The Covid-19 Crisis Changed Fulfillment Tech Forever. Here's What's Next.
Warehouse technology just changed at warp speed... and this is the ripple effect.
Supply chains stretched to their limits. Consumers embracing e-commerce in record numbers. Expectations for ever-faster delivery. Industry behemoths pivoting to smart automation, leaving ordinary retailers in the dust.
And that was the state of fulfillment before Covid.
Since the crisis hit, we've seen an unprecedented increase in online ordering: e-commerce has grown by 44.5 percent, with revenue reaching $211.5 billion in the second quarter of 2020 alone. And as orders have grown, so have the challenges of keeping shelves stocked and deliveries on time, not to mention the dangers that accompany fulfillment and distribution work.
In short: the timetable for automating and modernizing fulfillment is being accelerated at a rate we never could have predicted. The effects of this rapid-fire evolution will reverberate for years, utterly transforming how we get orders from A to B. From advanced automation to even smarter distribution solutions, here's a glimpse of the trends that will define the next several years in the fulfillment and warehouse technology space.
Smart automation is the norm, not the exception
Futurists had predicted that warehouse automation would be the norm a decade from now; a year into the crisis, that timeline seems far too conservative. The reality is that conveyor belts, not to mention the roles and workflows that grew up around them, are marching toward obsolescence faster than we predicted.
Why? The compounding problems of distribution just can't be ignored anymore. Most shipping networks weren't initially designed for ecommerce; as this retail avenue has exploded, it's exposed flaws and inefficiencies that are only growing worse. With supply chain labor shortages exacerbated by Covid, the urgency to adapt has never been greater. Companies that had 10-year automation plans in the works have started asking, "How do we get this vision off the ground in the next two years?"
Couple that with technology that's growing smarter at an exponential pace. Smart robots that act as the "feet" inside warehouses are already commonplace. Amazon alone deploys a fleet of more than 200,000 automated guided vehicles in its warehouses to move loads. But now we're on the cusp of a sea change, with AI-powered robots taking on the much more challenging role of "hands" in the warehouse setting that can intelligently pick and pack orders. Right now, robotic picking is fast transitioning from the showroom to the warehouse floor, with systems already installed permanently in live production facilities.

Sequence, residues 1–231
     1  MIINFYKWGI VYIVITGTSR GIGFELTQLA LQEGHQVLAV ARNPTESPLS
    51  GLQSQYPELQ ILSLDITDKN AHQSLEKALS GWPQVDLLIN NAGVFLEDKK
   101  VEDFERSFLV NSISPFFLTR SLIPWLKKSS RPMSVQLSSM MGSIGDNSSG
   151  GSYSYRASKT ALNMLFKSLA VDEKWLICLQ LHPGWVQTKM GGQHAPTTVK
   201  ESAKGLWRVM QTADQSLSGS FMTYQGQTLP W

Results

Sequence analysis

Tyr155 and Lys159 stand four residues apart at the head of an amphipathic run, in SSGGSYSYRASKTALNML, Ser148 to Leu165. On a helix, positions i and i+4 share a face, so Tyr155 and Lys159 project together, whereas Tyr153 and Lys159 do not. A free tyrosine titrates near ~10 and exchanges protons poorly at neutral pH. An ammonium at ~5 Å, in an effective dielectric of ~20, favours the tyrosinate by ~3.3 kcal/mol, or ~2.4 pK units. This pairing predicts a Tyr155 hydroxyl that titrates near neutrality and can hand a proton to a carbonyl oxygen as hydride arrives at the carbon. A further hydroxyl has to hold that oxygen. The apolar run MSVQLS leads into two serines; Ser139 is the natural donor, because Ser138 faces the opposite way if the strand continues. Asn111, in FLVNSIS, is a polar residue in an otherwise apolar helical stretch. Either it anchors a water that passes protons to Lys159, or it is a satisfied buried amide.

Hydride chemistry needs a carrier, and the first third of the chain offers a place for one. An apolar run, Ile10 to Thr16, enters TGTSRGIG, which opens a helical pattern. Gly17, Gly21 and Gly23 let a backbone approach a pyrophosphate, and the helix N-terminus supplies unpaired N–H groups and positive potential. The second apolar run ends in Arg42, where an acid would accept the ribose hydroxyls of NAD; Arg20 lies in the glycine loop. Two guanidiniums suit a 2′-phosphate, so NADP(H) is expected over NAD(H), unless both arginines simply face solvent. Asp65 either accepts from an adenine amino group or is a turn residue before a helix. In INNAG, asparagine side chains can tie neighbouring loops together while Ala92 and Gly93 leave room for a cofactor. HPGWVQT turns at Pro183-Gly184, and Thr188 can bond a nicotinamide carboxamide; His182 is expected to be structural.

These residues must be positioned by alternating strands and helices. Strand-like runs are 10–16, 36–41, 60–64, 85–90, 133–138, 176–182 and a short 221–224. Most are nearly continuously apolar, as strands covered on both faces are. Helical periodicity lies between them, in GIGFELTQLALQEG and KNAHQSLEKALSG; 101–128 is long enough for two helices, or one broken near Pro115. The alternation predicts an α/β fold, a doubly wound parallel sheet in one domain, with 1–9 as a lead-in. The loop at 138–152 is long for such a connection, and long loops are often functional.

Micro-fulfillment centers and dark stores will become commonplace
The idea of a dark store — a brick-and-mortar site that services customers locally via delivery and pickup without them ever entering — has been on the periphery of the U.S. retail industry in pilots and small-scale concepts for years (and has already seen plenty of success in Europe). But as the pandemic continues to limit in-person interaction, some U.S. retailers are starting to revisit this concept more seriously. Five years from now, dark stores may well be the norm.
Micro-fulfillment centers offer a similar mix of convenience and low-touch service. These automated, small-scale warehouses are placed strategically close to popular delivery markets, to allow companies to cut down on shipping costs and time. Grocery stores in particular can take advantage of this sort of model; with the challenges of shipping fresh food, micro-fulfillment centers are almost a must for a grocer who wants to up their ecommerce business.
As the model becomes more commonplace, we'll likely see more micro-fulfillment centers popping up in major urban hubs: little supply chain hot spots, where we need them most.
Warehouse automation gets cheaper, smaller and more flexible
Warehouse automation has traditionally represented a serious investment. An enormous upfront capital expenditure in infrastructure and equipment has been required, with the real pay-off coming in the form of long-term savings from decreased labor costs and increased efficiency.